Local fishermen are singing the blues over a sweeping set of new ocean management regulations, signed into law by the Barbuda Council, to zone their coastal waters, strengthen fisheries management, and establish a network of marine sanctuaries.
Caught between its quest to grow the economy, create jobs and cut electricity costs, and the negative impacts associated with building an oil refinery, the Antigua and Barbuda government is looking to a mix of clean energy and fossil fuels to address its energy needs.
The 1,800 residents of the tiny Caribbean island of Barbuda are learning to adapt as climate change proves to be a force to reckon with, disrupting not just the lives of the living but also the resting places of those who died centuries ago.
The Caribbean region’s bid to become food secure is in peril as farmers struggle to produce staple crops under harsh drought conditions brought about by climate change.
Climate change is forcing the nine-member Organisation of Eastern Caribbean States (OECS) to choose between expending scarce resources to deal with its impact or other pressing development goals.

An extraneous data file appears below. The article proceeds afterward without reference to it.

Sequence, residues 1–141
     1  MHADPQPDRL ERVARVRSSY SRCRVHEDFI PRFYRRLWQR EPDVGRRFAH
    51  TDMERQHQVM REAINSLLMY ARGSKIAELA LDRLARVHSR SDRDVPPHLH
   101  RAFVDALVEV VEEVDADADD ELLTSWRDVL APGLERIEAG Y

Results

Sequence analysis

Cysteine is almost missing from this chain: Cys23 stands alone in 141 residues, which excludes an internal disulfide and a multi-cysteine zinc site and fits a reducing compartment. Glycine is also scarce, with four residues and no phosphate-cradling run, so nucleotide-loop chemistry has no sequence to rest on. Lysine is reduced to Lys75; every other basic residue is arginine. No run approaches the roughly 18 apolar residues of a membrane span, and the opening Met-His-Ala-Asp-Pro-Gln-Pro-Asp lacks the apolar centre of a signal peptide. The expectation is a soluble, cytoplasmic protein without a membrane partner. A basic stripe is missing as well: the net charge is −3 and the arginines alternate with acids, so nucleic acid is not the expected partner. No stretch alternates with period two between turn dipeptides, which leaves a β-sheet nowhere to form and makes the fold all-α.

Water rationing has become a way of life for the 1,800 residents of the tiny island of Barbuda, which has been experiencing prolonged dry periods, especially in the Highlands area near the main agricultural lands.
Antigua is one of the most drought-prone countries in the Caribbean. So whenever it rains, the inhabitants generally regard the weather as “showers of blessing”.
Ralph Gonsalves fought to hold back tears as he shared how his cousin was killed the night before Christmas.
Diann Black-Layne grew up in a single parent home with nine siblings on the tiny Caribbean island of Antigua. Still, life was easygoing and enjoyable, she recalls. For her, it was paradise.
Every year, the Caribbean's electric sector burns through approximately 30 million barrels of fuel. Overall, the region imports in excess of 170 million barrels of petroleum products annually.
With their islands devoid of rivers or streams, farmers in Antigua and Barbuda have been building dams and ponds for centuries, harvesting rainwater to irrigate their crops and provide drinking water for their livestock.
In drought-plagued Antigua, where water and energy top the list of most precious resources, one campaign is encouraging islanders to conserve both of these commodities.
With the exception of oil rich Trinidad and Tobago, most, if not all, other Caribbean islands are extremely vulnerable when it comes to the high costs of imported fuels that are easily disrupted by natural disasters and other phenomena.
Tourism-dependent Antigua may have been spared the ravages of superstorm Sandy, but the island is nevertheless feeling its effects on environmental, political and economic fronts.